But most recently, my raw zucchini obsession has revolved around zucchini noodles: crisp, fresh, graceful on the plate, and so fun to eat.

Looking closely at the zucchini noodles on my plate that day, I had an epiphany.

The passion was ignited during a trip to Corsica one spring: at a sun-bleached restaurant on the isolated bay where we were staying, I was served a dish of fried calamari over zucchini noodles. Up until then, I’d been sure you needed a spiralizer to make them, and although the Benriner model had been on my wishlist for years, I’d stayed on the fence because I was not sure how well it worked, and reluctant to find room for such a bulky gadget.

But looking closely at the zucchini noodles on my plate that day, I had an epiphany: these were simply made with a mandoline slicer! A tool I already owned! And the very same one whose virtues I extolled when I wrote about grated carrots.

All you need to do is set up the mandoline slicer with the comb-like blade, and feed the zucchini through it along its full length, as if it were riding down a water slide*.

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Apricot Blueberry Cobbler

Apricot Blueberry Cobbler

I’d been living in California for a few months and thoroughly enjoying the dotcom vibe of my workplace when the big news was announced: we were going to have a company barbecue.

This, to me, was what working in the Silicon Valley at the turn of the century was all about: a lot of fun ideas to make employees happy (water guns! foosball table! free pizza on Fridays!) and therefore more inclined to put in the hours and brain juice that would help the company grow (until it didn’t, but that’s another story).

A cobbler, someone explained, is someone who mends shoes. This didn’t make much sense to me, so I gently inquired: okay, but, um, why? My American-born coworkers conferred for a while, spoon in mid-air, brow furrowed, until they had to admit no one had a reasonable explanation.

And so, on barbecue day, everyone pitched in — some set up the burger assembly station, others grilled the burger patties (and veggie substitutes, this was California after all), others yet plopped scoops of salad (potato or pasta salad, I mean) onto plates, or rounded up anyone still hiding out in his cube — before sitting down on the sunny deck at the back of our offices to dig in.

A few people had volunteered to bring dessert, and among them, someone (Barbara, from client ops) had baked a peach cobbler.

While people oohed and aahed, I asked: what’s a cobbler? A cobbler, someone explained, is someone who mends shoes (un cordonnier in French). This didn’t make much sense to me, so I gently inquired: okay, but, um, why? My American-born coworkers conferred for a while, spoon in mid-air and brow furrowed, until they had to admit no one had a reasonable explanation.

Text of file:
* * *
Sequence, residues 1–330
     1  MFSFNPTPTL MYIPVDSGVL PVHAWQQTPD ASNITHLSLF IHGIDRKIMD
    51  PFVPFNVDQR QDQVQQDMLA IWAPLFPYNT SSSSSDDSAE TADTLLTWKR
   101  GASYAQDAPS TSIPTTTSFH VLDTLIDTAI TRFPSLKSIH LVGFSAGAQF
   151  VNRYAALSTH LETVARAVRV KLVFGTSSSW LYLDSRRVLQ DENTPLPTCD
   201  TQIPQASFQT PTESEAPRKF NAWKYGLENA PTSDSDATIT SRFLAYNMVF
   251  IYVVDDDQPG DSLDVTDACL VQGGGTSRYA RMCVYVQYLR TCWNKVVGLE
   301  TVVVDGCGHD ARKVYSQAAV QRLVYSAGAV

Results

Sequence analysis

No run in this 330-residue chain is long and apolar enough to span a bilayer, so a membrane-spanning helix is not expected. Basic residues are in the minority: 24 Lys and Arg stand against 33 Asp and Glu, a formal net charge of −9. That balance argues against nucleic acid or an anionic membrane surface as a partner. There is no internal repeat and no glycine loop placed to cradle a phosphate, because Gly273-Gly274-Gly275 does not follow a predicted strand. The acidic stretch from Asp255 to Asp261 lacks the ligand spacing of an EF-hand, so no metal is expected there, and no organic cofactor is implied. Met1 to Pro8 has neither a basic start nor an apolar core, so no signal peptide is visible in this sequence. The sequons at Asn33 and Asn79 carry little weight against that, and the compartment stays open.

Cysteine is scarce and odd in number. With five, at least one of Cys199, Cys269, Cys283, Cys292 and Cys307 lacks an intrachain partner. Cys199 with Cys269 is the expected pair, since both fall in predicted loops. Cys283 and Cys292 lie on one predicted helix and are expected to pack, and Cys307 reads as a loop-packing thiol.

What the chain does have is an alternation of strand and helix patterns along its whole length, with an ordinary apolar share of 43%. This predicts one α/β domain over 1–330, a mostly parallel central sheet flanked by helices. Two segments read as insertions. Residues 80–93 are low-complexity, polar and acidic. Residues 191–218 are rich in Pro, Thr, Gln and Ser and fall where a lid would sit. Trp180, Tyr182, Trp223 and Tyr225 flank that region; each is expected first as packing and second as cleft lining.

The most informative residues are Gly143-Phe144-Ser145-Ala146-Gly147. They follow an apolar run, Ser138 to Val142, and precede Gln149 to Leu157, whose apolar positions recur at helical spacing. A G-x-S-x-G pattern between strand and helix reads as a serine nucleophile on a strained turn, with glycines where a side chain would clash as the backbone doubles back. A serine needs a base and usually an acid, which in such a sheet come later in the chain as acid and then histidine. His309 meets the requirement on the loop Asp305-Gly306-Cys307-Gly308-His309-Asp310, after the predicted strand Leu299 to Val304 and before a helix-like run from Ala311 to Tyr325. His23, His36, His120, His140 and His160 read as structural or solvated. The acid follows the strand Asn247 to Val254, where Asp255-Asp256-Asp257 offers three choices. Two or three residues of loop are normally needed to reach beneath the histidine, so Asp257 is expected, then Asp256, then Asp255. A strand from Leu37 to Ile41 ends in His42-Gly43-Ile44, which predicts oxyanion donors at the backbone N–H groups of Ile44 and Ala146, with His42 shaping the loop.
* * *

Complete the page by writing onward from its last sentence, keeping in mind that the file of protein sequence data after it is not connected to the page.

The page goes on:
No matter: we all know where the proof of the pudding is, and this one was very good indeed.

A cobbler is one of those all-American desserts with funny names — together with the brown betty, the buckle, the grunt, the slump, and the pandowdy — in which seasonal fruit is topped with some sort of dough, and then cooked or baked.

In the case of the cobbler, the topping is a sugar-dusted biscuit dough that is strewn across the fruit, either in rough hand-torn pieces, as I like to do, or in neat rounds, if you prefer (though I suspect it only looks that way if you use the ready-made biscuit dough sold in canisters at the grocery store).

The cobbler is a nice change of pace from the crumble or the crisp, in that it offers a wider range of textures: the dough becomes browned and crisp at the top, remains tender like the insides of a scone in the middle, and melds with the juicy fruit at the bottom.

Because I was first introduced to the cobbler by way of Barbara’s, it remains iconically linked to peaches in my mind. But really, any ripe fruit can be used, and I particularly like the apricot and blueberry version I baked last week when friends came over for dinner.

I use almond flour in my cobbler dough for a smoother mouthfeel, and when I make it for stone fruit, I like to flavor it with a prudent splash of orange blossom water. It is often recommended to serve the cobbler with vanilla ice cream, but I am French and I like it better with crème fraîche: I think it does a better job at underlining the natural sweetness of the fruit.

If you’re still puzzled about the name, as I am, know that it may in fact be linked to the topping’s resemblance to the shape of cobblestones, or of cobbles, which are either rounded hills or lumps of coals. But the truth is nobody really knows — not even food history librarian Lynne Olver, who nonetheless offers quotes and references that speaks to the origins of the dish.

(And for more desserts in the cobbler family, see this rhubarb raspberry grunt and this brown butter spiced crisp.)

Apricot Blueberry Cobbler

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August 2015 Desktop Calendar

August 2015 Desktop Calendar

At the beginning of every month, I am offering a new wallpaper to apply on the desktop of your computer, with a food-related picture and a calendar of the current month.

The desktop calendar is available in two versions: a US-friendly version that features Sunday as the first day of the week, and a French version (shown above) that complies with international standards, featuring Monday as the first day of the week.

Our calendar for August is a photo of the gorgeous tomatoes my producer bestows upon us all summer, to our absolute glee. I make tons of tomato salads with them, and here are some of my favorite tomato recipes, to which I’ll add the wonderful tomato panade (a chunky bread-thickened summer soup) featured in The French Market Cookbook.

Instructions to get your calendar are below.